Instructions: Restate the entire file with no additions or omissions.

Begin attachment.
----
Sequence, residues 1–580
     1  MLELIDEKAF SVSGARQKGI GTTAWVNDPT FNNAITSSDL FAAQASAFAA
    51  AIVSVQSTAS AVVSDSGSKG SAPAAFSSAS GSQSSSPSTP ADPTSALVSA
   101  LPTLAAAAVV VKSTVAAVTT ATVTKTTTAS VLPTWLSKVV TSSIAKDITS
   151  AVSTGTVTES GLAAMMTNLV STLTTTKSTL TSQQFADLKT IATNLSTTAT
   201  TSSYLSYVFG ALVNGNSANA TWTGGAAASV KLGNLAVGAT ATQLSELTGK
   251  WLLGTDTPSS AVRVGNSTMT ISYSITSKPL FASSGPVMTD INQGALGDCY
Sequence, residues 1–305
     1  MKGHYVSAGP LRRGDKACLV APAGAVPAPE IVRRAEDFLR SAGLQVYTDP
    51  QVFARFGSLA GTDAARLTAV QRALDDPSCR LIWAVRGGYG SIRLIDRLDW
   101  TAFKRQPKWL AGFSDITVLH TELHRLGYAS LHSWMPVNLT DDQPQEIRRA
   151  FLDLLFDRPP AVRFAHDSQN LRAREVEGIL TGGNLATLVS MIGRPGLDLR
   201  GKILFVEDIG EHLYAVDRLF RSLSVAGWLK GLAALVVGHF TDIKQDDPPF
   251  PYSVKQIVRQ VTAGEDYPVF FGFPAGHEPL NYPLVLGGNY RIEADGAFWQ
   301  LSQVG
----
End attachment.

Sequence, residues 1–580
     1  MLELIDEKAF SVSGARQKGI GTTAWVNDPT FNNAITSSDL FAAQASAFAA
    51  AIVSVQSTAS AVVSDSGSKG SAPAAFSSAS GSQSSSPSTP ADPTSALVSA
   101  LPTLAAAAVV VKSTVAAVTT ATVTKTTTAS VLPTWLSKVV TSSIAKDITS
   151  AVSTGTVTES GLAAMMTNLV STLTTTKSTL TSQQFADLKT IATNLSTTAT
   201  TSSYLSYVFG ALVNGNSANA TWTGGAAASV KLGNLAVGAT ATQLSELTGK
   251  WLLGTDTPSS AVRVGNSTMT ISYSITSKPL FASSGPVMTD INQGALGDCY
Sequence, residues 1–305
     1  MKGHYVSAGP LRRGDKACLV APAGAVPAPE IVRRAEDFLR SAGLQVYTDP
    51  QVFARFGSLA GTDAARLTAV QRALDDPSCR LIWAVRGGYG SIRLIDRLDW
   101  TAFKRQPKWL AGFSDITVLH TELHRLGYAS LHSWMPVNLT DDQPQEIRRA
   151  FLDLLFDRPP AVRFAHDSQN LRAREVEGIL TGGNLATLVS MIGRPGLDLR
   201  GKILFVEDIG EHLYAVDRLF RSLSVAGWLK GLAALVVGHF TDIKQDDPPF
   251  PYSVKQIVRQ VTAGEDYPVF FGFPAGHEPL NYPLVLGGNY RIEADGAFWQ
   301  LSQVG